Priority 3: Preventing suicide

Suicide and attempting suicide are the most devastating consequences of mental distress. We know suicidal behaviour results from interaction between many factors in a person’s life, including their social and economic circumstances and their culture and individual history. A wealth of evidence shows suicide can be prevented through strategies aimed at individuals and entire communities.

This is a 2015-18 priority because

  • If we make a clear commitment to rigorously understanding the causes of suicide and the best means for preventing it, we can act on this knowledge in order to save people’s lives
  • Some groups in our community are affected by suicide at much greater rates than others. This is an injustice that we have an obligation to challenge and remedy.

2015-2017 Projects

NSW Suicide Prevention Advisory Group

In 2016 the Commission established the NSW Suicide Prevention Advisory Group, to advise the Mental Health Commissioner on issues relating to suicide prevention and to improve the planning, monitoring and co-ordination of suicide prevention activities in NSW. The Group meets every six months.

Living Well Action 3.4.1

Proposed Suicide Prevention Framework for NSW

The proposed Suicide Prevention Framework for NSW was launched at a National Suicide Prevention Summit at Parliament House in Canberra on 10 August 2015. The Framework was funded by the Commission and developed by the National Health and Medical Research Council’s Centre of Research Excellence in Suicide Prevention with the Black Dog Institute

The framework identifies nine strategies that could be applied in parallel at a local or regional level to dramatically reduce the number of suicides and suicide attempts.

Living Well Action 3.4.2

Conversations Matter

Conversations Matter is an online guide to help individuals, professionals and communities have safe, supportive and productive conversations about suicide. Since its beginnings in 2013, the resource has grown to include materials tailored for professionals working with Aboriginal communities and culturally and linguistically diverse communities. Conversations Matters is a partnership project of the Commission and the Hunter Institute for Mental Health.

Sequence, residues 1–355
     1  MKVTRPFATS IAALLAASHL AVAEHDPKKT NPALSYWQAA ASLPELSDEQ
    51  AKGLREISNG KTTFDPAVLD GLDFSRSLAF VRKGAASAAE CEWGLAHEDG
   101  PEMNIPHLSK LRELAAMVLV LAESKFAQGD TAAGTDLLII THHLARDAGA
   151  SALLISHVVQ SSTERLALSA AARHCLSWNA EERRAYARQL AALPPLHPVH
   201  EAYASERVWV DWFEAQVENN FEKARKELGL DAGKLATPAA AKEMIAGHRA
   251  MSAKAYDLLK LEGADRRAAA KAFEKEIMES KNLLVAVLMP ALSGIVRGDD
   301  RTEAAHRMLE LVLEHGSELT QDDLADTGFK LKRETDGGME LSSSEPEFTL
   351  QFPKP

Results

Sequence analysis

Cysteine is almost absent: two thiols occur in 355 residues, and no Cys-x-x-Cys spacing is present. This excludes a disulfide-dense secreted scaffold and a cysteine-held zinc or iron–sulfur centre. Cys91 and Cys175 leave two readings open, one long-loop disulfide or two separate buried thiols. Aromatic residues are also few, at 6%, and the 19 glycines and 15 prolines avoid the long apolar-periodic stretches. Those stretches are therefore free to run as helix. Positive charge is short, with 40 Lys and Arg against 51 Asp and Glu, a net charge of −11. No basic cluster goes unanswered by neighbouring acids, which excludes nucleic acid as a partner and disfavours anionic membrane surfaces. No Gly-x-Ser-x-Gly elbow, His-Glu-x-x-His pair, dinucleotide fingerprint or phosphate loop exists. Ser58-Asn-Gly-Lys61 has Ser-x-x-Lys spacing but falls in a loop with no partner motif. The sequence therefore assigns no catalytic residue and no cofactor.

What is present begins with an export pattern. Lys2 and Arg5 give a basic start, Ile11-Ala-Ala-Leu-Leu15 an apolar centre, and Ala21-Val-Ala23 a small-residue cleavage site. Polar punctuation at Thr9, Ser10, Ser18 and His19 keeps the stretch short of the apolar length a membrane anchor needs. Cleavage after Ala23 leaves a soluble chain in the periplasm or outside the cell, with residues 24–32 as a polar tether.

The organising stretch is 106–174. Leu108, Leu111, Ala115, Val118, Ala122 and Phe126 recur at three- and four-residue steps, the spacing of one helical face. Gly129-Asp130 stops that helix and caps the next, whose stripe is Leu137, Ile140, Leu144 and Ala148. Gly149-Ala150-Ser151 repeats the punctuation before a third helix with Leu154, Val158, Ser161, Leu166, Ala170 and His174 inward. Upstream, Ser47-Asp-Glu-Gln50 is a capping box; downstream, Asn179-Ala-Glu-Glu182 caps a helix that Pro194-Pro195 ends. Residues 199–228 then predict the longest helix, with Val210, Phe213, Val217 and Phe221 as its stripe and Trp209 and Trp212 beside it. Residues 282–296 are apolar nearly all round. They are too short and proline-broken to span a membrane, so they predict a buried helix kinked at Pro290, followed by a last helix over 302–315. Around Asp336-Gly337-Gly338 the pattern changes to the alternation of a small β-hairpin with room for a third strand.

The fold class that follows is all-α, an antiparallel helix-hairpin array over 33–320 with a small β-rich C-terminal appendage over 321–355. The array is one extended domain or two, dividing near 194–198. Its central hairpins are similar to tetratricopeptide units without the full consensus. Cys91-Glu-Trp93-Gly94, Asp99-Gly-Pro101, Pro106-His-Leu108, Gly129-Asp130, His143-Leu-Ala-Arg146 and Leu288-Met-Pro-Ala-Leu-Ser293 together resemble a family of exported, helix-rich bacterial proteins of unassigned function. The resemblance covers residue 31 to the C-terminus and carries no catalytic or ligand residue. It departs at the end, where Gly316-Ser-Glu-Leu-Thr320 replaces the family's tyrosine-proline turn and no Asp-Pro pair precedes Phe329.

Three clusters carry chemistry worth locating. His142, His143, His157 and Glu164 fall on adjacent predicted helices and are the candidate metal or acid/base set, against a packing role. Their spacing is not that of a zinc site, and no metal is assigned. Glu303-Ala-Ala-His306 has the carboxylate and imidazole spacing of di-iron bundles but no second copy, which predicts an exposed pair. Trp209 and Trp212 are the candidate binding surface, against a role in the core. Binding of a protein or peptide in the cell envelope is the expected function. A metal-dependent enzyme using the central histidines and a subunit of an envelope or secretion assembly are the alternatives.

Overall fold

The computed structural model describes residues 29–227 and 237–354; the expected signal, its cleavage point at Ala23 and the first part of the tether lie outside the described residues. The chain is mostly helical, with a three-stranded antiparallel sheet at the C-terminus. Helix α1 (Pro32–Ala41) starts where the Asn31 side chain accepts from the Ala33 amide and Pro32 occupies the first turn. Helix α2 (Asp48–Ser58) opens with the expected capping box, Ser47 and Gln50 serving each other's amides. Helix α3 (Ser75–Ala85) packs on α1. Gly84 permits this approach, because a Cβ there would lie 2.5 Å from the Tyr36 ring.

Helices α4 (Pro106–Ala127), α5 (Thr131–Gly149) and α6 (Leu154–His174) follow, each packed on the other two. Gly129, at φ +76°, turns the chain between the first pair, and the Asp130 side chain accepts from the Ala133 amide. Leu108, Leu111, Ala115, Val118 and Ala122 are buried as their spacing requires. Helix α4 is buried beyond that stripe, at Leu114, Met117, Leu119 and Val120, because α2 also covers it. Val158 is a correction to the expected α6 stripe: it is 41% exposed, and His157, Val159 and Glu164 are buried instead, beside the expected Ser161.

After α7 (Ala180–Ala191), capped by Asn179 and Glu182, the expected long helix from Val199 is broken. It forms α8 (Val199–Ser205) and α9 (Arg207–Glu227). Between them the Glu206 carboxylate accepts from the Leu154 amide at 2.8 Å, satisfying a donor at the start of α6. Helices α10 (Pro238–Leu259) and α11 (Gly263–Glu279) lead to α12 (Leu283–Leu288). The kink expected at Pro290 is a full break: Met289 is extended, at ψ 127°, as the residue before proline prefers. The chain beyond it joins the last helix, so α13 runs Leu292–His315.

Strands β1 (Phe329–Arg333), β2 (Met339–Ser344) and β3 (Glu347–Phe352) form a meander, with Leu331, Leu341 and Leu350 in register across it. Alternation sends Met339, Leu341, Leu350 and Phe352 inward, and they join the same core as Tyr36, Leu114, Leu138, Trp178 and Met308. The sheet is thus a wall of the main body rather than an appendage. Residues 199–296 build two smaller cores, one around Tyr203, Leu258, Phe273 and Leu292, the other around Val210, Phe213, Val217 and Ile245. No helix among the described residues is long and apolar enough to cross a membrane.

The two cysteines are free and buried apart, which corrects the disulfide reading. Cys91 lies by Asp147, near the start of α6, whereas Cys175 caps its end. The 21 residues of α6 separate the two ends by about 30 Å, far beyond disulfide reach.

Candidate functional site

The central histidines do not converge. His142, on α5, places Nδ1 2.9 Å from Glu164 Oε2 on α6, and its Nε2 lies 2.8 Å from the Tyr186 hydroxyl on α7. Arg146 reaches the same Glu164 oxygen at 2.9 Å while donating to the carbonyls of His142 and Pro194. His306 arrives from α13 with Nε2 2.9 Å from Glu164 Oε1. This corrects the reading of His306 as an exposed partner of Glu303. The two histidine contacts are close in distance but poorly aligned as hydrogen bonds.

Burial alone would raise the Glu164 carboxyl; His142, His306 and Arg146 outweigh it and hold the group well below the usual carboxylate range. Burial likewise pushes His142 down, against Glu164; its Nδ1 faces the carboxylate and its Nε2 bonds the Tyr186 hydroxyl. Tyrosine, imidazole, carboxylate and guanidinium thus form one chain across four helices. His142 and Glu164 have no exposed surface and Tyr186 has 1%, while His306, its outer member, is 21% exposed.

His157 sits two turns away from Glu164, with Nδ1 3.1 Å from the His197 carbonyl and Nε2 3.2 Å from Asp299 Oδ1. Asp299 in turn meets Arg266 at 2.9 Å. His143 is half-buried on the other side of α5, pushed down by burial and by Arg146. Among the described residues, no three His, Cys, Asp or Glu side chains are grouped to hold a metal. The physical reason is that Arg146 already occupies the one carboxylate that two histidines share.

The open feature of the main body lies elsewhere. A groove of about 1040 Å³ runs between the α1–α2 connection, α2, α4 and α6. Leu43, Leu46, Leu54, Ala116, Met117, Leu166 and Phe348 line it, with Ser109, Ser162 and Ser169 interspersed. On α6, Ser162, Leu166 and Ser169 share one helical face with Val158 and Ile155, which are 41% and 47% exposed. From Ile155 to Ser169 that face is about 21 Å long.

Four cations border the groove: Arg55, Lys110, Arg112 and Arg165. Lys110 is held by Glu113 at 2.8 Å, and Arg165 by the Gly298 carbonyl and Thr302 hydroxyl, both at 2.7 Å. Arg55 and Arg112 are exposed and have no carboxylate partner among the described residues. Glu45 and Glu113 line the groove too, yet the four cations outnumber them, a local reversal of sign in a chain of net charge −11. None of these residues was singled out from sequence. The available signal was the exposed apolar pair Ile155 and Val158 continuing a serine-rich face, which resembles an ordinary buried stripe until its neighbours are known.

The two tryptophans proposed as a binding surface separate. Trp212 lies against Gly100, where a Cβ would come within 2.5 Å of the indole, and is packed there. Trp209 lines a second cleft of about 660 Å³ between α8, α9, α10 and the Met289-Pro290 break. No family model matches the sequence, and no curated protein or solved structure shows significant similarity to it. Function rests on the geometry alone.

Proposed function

Living Well Actions 3.4.3 and 7.2.2

Communities Matter

Communities Matter is a practical toolkit to support small towns to turn conversations and interest in suicide prevention into activities that reflect local need. The toolkit outlines, in plain English, evidence-informed suicide prevention strategies to support communities to undertake suicide prevention activities and combat stigma. Communities Matter is a partnership project of the Commission and Suicide Prevention Australia.

Living Well Action 3.4.3

Research

iBobbly app for Aboriginal young people

In 2015, the Commission contracted the Black Dog Institute to extend and improve the content of the iBobbly smartphone app, which uses evidence-based and culturally appropriate content to reach young Aboriginal people who are at risk of suicide, and who have very low levels of help-seeking. The project has made iBobbly more relevant and engaging to a wider group of users, in order to facilitate its uptake and evaluation in regions outside Broome, where it was originally piloted. Other partners are Alive & Kicking Goals!, HITnet Innovations, Thoughtworks, Muru Marri Indigenous Health Unit UNSW, the Young and Well Cooperative Research Centre (YAW-CRC) and BackTrack (Armidale). The iBobbly app is currently undergoing a national trial.

Download the NSW iBobbly report.

Living Well Actions 2.2.6 and 3.4.3

Scoping a systems approach to suicide prevention

In 2015, the Commission contracted the Black Dog Institute to develop a model to investigate whether dramatic reductions in the suicide rate could be achieved if multiple interventions known to be successful were integrated and applied simultaneously. Black Dog researchers believe that such a “systems approach” could lower suicides and attempted suicides by 20 per cent within two years. In this project, the research team collected information to determine the feasibility and methods required to establish a systems approach to suicide prevention in one regional and one metropolitan area of NSW.

Based on this foundational work, in December 2015 the Black Dog Institute secured $14.7 million from the Ramsay Foundation, the largest ever philanthropic donation to suicide prevention in Australia’s history, to support a NSW trial of the systems approach. Now called LifeSpan, the systems approach is being trialled in four sites covering the following local government areas: Newcastle; Wollongong, Shellharbour, Kiama and Shoalhaven; Gosford and Wyong; Bland, Cootamundra, Griffith, Hay, Junee, Leeton, Tumut Shire, Wagga Wagga, and Young.

Download the Implementation plan for the systems approach to suicide prevention in NSW Summary Paper 1.2 MB

Living Well Action 3.4.5

Language when talking about suicide

Beyondblue has some tips on how to avoid stigmatising terminology here.

Last updated: 5 May 2017

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